“South Africa’s main apple and pear production areas in the western region had an excellent winter season with plenty of rain, snow and cold,” said Neil Truter, manager of quality assurance and grower relations at Vanguard South Africa. This was followed by very good flowering and setting times between October and December 2020. These favorable conditions are a good indicator of a strong apple and pear harvest this season.
The Western Cape had less wind and overall good weather conditions. Unfortunately, the Eastern Cape did not experience the same. In mid-January, a hailstorm raced through the Langkloof production area in the Eastern Cape. 1,500 of the 5,500 ha were affected.
“Overall, we are still forecasting an extremely positive apple and pear harvest for 2021,” said Truter. Like most other commodities, South African apple and pear crops are five to ten days later than 2020.
The first estimate of the apple and pear harvest forecast an increase in apples of four percent and pears by two percent. The volume of apples is growing for the second year in a row, largely thanks to the new planting. This is part of a comprehensive replanting and renewal strategy after the drought three years ago and was expected. For pears, this represents the two percent decline we saw last year.
The official estimates for the South African apple and pear harvest in 2021 are: apples: 38 million boxes; Pears: 17 million boxes.
All data show that this crop produces good color on both apples and pears. The early varieties are between five and ten days late, but the mid and late season apples are on time. “This will put pressure on packing houses and cold stores, but our South African partners have things under control,” commented Truter.
Smaller size on pears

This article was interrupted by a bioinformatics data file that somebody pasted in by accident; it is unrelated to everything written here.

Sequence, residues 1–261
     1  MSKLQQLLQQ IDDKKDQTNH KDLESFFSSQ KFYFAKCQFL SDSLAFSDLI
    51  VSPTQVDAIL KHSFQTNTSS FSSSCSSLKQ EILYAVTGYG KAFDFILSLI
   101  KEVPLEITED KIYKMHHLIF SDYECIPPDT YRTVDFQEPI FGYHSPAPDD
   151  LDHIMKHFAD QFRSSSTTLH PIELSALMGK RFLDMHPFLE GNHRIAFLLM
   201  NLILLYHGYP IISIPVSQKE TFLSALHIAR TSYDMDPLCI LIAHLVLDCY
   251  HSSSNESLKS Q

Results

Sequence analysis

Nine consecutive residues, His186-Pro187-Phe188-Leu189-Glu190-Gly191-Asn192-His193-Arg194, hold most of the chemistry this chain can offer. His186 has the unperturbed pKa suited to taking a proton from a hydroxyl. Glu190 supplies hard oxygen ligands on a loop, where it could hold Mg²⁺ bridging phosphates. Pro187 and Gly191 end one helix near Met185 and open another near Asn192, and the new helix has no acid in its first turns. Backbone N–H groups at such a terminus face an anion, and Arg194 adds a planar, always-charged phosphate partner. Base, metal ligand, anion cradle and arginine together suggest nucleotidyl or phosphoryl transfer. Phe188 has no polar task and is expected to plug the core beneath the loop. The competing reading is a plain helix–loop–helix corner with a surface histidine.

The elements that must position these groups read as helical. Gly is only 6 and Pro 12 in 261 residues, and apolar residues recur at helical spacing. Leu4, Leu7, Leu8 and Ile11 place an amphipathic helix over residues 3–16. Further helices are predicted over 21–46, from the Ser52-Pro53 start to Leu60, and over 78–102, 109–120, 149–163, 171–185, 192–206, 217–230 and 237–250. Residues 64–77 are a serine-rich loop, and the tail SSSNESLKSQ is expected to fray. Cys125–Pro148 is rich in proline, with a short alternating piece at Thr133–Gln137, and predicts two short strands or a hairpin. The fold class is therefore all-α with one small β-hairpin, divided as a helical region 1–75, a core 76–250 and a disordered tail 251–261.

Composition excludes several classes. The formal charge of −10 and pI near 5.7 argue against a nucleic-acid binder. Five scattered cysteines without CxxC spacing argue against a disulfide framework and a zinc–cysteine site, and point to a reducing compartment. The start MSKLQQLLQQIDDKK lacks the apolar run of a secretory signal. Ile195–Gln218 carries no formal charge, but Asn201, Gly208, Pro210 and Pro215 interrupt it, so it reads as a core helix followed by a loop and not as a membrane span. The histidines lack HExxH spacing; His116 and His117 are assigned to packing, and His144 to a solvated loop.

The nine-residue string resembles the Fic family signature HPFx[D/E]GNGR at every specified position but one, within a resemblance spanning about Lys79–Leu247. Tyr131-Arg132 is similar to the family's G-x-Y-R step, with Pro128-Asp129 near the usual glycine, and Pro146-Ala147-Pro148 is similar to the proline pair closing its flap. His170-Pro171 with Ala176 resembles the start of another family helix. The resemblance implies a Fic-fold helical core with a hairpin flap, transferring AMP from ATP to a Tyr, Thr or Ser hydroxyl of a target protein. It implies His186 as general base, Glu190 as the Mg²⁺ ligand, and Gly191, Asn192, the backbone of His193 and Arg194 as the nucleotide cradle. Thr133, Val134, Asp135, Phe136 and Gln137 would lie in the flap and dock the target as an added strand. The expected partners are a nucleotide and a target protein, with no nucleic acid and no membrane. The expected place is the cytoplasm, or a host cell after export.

The Early Bon Cretion made their way to the packing houses, but the size is small with peaks around 112/96/120. Two other pear varieties that are now being packaged are the flamingo and rosemary varieties, which are smaller in size than in previous seasons and top sizes very similar to the early Bon Cretion. The harvest of Flamingo, Rosemary and Early Bc’s was completed in the second week of February, while the normal WBC (Williams Bon Chretien) began in week seven. All of these varieties tend to be smaller than last year, which is usually an indicator of a larger overall harvest.
The selection of Packhams begins in week five or six. A much larger harvest is expected this year than last year, six percent to be precise. The growth is mainly due to new plantings and an overall cleaner harvest as there is less wind damage this year. The peak size is around 70/80, but this can change from region to region.
The trout is still a long way off with early packing from week 11/12. Judging by other earlier strains, we expect good production volumes.
The Panomara Goldens started in the first week of February and will soon be packed with top sizes between 150 and 165, which makes them a little bigger than last year.
The Royal Galas will be picked up on a large scale and packed in early March. The color is very good and the top sizes are 165/180. The color is similar to last year which was already a good color year. We expect a good quality product with a decent size.
Golden Delicious will also follow in March a week later, as we are five to ten days late.
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